> 	return 0;
> }
> 
> As we prototyped policies based on this design, we realized that this
> approach is not general enough. Adding helpers or verifier code for all
> usages would imply a high maintenance cost while severely restricting
> the instrumentation capabilities which is the key value add of our
> eBPF-based LSM.
> 
> Feedback from the BPF maintainers at Linux Plumbers also pushed us
> towards the following, more general, approach.
> 
> # BTF Based Design
> 
> The current design uses BTF
> (https://facebookmicrosites.github.io/bpf/blog/2018/11/14/btf-enhancement.html,
> https://lwn.net/Articles/803258/) which allows verifiable read-only
> structure accesses by field names rather than fixed offsets. This allows
> accessing the hook parameters using a dynamically created context which
> provides a certain degree of ABI stability:
> 
> /* Clang builtin to handle field accesses. */
> #define _(P) (__builtin_preserve_access_index(P))
> 
> // Only declare the structure and fields intended to be used
> // in the program
> struct vm_area_struct {
> 	unsigned long vm_start;
> };
> 
> // Declare the eBPF program mprotect_audit which attaches to
> // to the file_mprotect LSM hook and accepts three arguments.
> BPF_TRACE_3("lsm/file_mprotect", mprotect_audit,
> 	    struct vm_area_struct *, vma,
> 	    unsigned long, reqprot, unsigned long, prot
> {
> 	unsigned long vm_start = _(vma->vm_start);
> 	return 0;
> }
> 
> By relocating field offsets, BTF makes a large portion of kernel data
> structures readily accessible across kernel versions without requiring a
> large corpus of BPF helper functions and requiring recompilation with
> every kernel version. The limitations of BTF compatibility are described
> in BPF Co-Re (http://vger.kernel.org/bpfconf2019_talks/bpf-core.pdf,
> i.e. field renames, #defines and changes to the signature of LSM hooks).
> 
> This design imposes that the MAC policy (eBPF programs) be updated when
> the inspected kernel structures change outside of BTF compatibility
> guarantees. In practice, this is only required when a structure field
> used by a current policy is removed (or renamed) or when the used LSM
> hooks change. We expect the maintenance cost of these changes to be
> acceptable as compared to the previous design
> (https://lore.kernel.org/bpf/20190910115527.5235-1-kpsingh@chromium.org/).
> 
> # Distinction from Landlock
> 
> We believe there exist two distinct use-cases with distinct set of users:
> 
> * Unprivileged processes voluntarily relinquishing privileges with the
>    primary users being software developers.
> 
> * Flexible privileged (CAP_MAC_ADMIN, CAP_SYS_ADMIN) MAC and Audit with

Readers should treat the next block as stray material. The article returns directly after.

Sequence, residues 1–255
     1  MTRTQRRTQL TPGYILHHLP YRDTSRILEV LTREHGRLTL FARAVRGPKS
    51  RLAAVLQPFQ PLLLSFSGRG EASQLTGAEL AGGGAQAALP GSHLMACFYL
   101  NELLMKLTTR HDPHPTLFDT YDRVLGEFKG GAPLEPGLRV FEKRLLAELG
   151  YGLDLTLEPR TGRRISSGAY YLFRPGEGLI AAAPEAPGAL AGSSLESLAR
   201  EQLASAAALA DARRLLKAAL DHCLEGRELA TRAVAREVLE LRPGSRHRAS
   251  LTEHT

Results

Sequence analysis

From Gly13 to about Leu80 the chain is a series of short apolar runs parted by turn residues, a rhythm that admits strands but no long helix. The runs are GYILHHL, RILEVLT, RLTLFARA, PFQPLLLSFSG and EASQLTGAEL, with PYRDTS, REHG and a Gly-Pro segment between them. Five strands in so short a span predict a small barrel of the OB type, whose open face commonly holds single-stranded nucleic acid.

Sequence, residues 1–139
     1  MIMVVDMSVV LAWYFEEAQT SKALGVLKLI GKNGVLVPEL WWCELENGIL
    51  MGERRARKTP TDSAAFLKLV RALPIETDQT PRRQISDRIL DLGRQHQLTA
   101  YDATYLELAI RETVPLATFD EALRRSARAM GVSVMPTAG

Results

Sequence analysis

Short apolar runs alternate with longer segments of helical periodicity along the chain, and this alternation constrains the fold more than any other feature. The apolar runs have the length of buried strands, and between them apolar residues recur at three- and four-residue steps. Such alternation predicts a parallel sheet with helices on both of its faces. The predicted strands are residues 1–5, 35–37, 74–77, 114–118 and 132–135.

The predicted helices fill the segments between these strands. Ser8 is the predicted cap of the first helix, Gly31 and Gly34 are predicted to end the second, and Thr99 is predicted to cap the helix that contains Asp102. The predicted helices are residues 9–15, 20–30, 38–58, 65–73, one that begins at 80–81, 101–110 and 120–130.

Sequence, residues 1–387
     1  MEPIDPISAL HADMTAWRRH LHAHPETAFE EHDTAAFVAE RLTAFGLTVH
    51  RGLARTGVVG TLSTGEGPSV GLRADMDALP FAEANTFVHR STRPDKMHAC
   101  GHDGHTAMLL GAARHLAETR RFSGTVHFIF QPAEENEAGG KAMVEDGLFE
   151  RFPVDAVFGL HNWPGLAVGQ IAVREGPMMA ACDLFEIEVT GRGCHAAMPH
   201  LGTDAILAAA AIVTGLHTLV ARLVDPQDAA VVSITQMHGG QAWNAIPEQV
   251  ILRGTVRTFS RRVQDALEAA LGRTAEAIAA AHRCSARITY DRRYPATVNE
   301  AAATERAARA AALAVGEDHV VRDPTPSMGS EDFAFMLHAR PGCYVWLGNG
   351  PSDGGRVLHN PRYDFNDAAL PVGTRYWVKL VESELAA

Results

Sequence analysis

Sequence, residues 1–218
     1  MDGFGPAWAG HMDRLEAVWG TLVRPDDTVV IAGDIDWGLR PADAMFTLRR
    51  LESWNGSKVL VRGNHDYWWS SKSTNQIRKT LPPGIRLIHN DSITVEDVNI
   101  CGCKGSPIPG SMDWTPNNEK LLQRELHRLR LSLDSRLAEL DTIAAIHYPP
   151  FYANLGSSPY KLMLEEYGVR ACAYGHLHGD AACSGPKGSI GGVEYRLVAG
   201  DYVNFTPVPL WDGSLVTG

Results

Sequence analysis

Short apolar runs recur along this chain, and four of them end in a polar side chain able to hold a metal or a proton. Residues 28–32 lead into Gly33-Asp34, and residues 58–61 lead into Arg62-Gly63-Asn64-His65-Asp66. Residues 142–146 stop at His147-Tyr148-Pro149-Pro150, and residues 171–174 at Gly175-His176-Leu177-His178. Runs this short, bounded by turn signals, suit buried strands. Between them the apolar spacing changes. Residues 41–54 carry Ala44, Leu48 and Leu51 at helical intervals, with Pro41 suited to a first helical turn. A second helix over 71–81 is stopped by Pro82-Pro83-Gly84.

>    the primary users being system policy admins.
> 
> These use-cases imply different APIs and trade-offs:
> 
> * The unprivileged use case requires defining more stable and custom APIs
>    (through opaque contexts and precise helpers).
> 
> * Privileged Audit and MAC requires deeper introspection of the kernel
>    data structures to maximise the flexibility that can be achieved without
>    kernel modification.
> 
> Landlock has demonstrated filesystem sandboxes and now Ptrace access
> control in its patches which are excellent use cases for an unprivileged
> process voluntarily relinquishing privileges.
> 
> However, Landlock has expanded its original goal, "towards unprivileged
> sandboxing", to being a "low-level framework to build
> access-control/audit systems" (https://landlock.io). We feel that the
> design and implementation are still driven by the constraints and
> trade-offs of the former use-case, and do not provide a satisfactory
> solution to the latter.
> 
> We also believe that our approach, direct access to common kernel data
> structures as with BTF, is inappropriate for unprivileged processes and
> probably not a good option for Landlock.
> 
> In conclusion, we feel that the design for a privileged LSM and
> unprivileged LSM are mutually exclusive and that one cannot be built
> "on-top-of" the other. Doing so would limit the capabilities of what can
> be done for an LSM that provides flexible audit and MAC capabilities or
> provide in-appropriate access to kernel internals to an unprivileged
> process.

I don't think that the design for a privileged LSM and an unprivileged 
LSM are necessarily mutually exclusive, however I do agree that the 
design of an *introspection* LSM like this version of KRSI, and an 
unprivileged LSM are mutually exclusive.

> 
> Furthermore, the Landlock design supports its historical use-case only
> when unprivileged eBPF is allowed. This is something that warrants
> discussion before an unprivileged LSM that uses eBPF is upstreamed.

Because of seccomp-bpf, on which the first version of Landlock was based 
on, I then used eBPF as a way to define a security policy which could be 
updated on the fly (thanks to eBPF maps) and evolves over time. The main 
goal of Landlock was and still is to bring sandboxing features to all